Spread in the heart of the Aegean like stars across the sky are the Cyclades.
These islands are more pagan in character than any other group. Bold, naked and vibrant, beaten by the wind and the bluest sea, they are brilliant jewels, ignition to the senses and the spirit.


In the centre floats Delos birthplace of Apollo god of light. A vast and radiant site, bearing testimony to it ancient role as sacred and commercial centre. Nearby, sparkles Mykonos, a haven for the jet set, lively day and night in the beaches and the nightlubs.

Across the waves rises Syros. Neoclassical, aristocratic and business like, the capital of the Cyclades is urban, sophisticated, and stark in its seashores. And from the north emerges Tinos , the Lourdes of Greece, where in mid August, faithful gather in the monastery of Panagia for cure and worship. A short venture in the interior uncovers magical villages marked by special dovehouses.


Cascading from north to south: Kea, Kythnos, Serifos, Sifnos, an incantation of barren rocks crowned by blazing white clusters of cubist houses and below, terraced fields and lacelike coastline of indigo bays and fishing hamlets.
Milos, Polyaigos, Kimolos unfold geological marvels of sea caves and lunar beaches, while pretty Paros and Antiparos seduce lazier visitors.


Far south, the caldera of Santorini opens up revealing towns glittering like diadems on dark cliffs along the rim of the sunken volcano. Sailing past frozen black lava, islands of white ash and black pebble beaches lies  Akrotiri. An entire Minoan city preserved in volcanic ash.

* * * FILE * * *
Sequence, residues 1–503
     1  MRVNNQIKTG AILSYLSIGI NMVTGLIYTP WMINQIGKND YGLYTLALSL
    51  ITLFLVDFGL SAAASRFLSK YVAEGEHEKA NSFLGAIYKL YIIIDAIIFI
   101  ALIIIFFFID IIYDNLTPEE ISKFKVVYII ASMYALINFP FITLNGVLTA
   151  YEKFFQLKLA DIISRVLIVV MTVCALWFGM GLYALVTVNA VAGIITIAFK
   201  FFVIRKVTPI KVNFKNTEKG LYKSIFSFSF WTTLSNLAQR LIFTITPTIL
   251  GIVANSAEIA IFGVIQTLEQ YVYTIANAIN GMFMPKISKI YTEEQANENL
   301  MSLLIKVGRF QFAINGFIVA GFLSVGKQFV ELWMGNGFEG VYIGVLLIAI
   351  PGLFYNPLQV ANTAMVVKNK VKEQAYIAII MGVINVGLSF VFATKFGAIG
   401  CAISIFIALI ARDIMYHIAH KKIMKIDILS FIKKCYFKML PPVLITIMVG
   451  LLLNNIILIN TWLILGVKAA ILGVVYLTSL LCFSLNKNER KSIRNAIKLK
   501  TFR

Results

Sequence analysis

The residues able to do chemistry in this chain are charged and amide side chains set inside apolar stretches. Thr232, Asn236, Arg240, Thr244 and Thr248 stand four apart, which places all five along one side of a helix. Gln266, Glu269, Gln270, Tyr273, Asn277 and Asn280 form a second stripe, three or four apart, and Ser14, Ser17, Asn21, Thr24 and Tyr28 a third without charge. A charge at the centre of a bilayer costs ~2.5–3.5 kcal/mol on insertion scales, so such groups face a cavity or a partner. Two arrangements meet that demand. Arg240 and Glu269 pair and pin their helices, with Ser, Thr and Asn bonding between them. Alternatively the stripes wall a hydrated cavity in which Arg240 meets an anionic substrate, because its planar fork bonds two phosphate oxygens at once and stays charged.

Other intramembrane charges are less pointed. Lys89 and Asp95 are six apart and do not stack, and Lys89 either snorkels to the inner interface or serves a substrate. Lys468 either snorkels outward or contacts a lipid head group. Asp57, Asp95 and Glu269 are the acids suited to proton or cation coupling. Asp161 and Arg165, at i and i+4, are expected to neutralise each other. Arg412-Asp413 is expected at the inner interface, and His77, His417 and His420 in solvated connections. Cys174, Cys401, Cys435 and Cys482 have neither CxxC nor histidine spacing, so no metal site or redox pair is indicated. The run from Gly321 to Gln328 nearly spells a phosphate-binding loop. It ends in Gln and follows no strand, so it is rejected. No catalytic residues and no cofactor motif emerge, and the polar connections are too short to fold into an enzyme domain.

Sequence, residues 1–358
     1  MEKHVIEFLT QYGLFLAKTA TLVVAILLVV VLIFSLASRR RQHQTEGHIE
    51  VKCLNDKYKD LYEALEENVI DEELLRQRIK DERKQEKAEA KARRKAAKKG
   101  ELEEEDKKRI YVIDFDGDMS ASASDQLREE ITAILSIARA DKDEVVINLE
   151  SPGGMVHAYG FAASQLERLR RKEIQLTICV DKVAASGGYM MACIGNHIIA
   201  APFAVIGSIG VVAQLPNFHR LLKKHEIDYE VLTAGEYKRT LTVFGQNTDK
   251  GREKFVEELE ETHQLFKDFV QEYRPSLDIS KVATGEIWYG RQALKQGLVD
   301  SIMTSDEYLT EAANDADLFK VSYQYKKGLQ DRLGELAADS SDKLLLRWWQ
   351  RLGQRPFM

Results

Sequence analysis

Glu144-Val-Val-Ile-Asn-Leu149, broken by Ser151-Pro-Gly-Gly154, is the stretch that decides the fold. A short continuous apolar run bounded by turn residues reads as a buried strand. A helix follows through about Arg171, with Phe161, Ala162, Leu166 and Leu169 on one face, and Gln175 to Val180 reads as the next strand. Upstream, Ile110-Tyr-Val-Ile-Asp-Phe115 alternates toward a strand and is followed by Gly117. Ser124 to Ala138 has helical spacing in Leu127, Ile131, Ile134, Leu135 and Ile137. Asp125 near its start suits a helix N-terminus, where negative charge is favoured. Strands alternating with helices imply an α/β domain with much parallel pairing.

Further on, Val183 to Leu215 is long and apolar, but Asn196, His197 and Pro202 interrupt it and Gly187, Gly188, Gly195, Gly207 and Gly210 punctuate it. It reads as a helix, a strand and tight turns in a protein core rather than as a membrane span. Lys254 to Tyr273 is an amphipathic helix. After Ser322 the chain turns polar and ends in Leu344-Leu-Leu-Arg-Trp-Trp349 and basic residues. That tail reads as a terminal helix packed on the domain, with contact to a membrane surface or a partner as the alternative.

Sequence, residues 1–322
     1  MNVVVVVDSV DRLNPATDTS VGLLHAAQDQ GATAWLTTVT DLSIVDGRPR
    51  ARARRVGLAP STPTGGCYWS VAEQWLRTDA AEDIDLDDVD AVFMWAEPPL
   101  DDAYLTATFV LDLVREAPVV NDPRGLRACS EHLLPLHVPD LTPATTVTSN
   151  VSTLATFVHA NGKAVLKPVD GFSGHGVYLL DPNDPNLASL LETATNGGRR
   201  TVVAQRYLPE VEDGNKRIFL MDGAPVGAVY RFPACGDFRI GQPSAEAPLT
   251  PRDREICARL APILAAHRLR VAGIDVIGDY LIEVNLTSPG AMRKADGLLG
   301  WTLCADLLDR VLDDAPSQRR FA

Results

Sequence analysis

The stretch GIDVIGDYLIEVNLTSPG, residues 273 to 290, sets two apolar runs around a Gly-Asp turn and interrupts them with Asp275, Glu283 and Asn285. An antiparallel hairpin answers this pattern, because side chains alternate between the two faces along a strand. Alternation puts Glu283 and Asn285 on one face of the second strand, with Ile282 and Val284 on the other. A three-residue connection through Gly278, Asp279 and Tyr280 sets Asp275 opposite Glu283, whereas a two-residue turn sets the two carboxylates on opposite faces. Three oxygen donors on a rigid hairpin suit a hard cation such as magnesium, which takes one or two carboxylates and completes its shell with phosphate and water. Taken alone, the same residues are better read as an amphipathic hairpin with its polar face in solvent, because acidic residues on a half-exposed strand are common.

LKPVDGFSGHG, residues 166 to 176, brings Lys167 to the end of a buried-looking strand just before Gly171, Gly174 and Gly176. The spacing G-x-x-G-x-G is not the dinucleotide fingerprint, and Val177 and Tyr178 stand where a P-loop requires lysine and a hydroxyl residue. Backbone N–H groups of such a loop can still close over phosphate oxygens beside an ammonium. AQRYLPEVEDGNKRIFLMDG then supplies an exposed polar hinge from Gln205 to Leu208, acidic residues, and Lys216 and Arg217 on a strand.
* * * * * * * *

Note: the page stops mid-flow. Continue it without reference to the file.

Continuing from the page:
And all thru the island, villages half built into the rock are scattered among vineyards producing an astonishing variety of lovely wines.
Folegandros, Sikinos and Ios of sparkling harbours ease the  way back north to lush, exhuberant Naxos and to forbidding Amorgos. Between them, swim the Little Cycaldes, the essence of the Archipelago. Incandescent rocks over blue infinity.

The sound of  surf, of wind and goat bells. Here time dissolves.




Approaching Halkidiki means leaving the Mediterannean behind and coming under the spell of the Balkans: A dark green world wild and pure, with harsh climate and its own flora and fauna. Faith is still alive as a fact of nature.


The Byzantine spirit reigns in these parts, especially on Mount Athos where over one thousand year old monasteries and hermitages are spread on the promontory overlooking the North Aegean. Here monks and hermits live in sacred space and time. Only men can be permitted to visit, but women may circumnavigate the peninsula to catch glimpses of a forbidden world, in a fairy tale like setting.

To the east, Thassos abundant in ancient monuments and natural beauty, forbidding Samothraki whose waterfalls and lakes and high mountains were the backdrop of the ancient mysteries of Cabiri, and further south, gentle Limnos, acts as a bridge to the East Aegean islands .



The great island stands proud at the south edge of the Aegean, under a blazing sun, breathing the winds of Africa.

Almost a separate continent in itself, Crete, spreads its rapidly changing scenery from arid mountains to tropical beaches and bears the marks of many lives:

Once a centre of power, as source of Minoan civilization, it later survived the Saracens, the Genoese, the Venetians and the Turks, developing a multifaceted culture and above all, a strong and untameable character.


The sailor receives an exhilarating welcome in the harbours of its northern coast: in Medieval Chania, Oriental Rethymno, vibrant Venetian Iraklion with its marvellous market and museum, and worldly Agios Nikolaos further east.

Close to the shores lie Knossos, Phestos and other Minoan sites of exceptional liveliness and beauty..


Beyond rich plains, gorges, mountain ranges and villages where time has stopped, the great island unwinds its rugged south coast. Here, the island best expresses its spirit in  sombre castles tucked in the wilderness, Byzantine Monasteries on silent bluffs, and countless silent, isolated and mystical places which inspired El Greco and Kazantzakis.


Crete may recede behind your wake but it will never leave you. Once you have touched its shores, the addictive, obsessive music of the lyra and the lute enters your blood. A sweet poison, a haunting presence.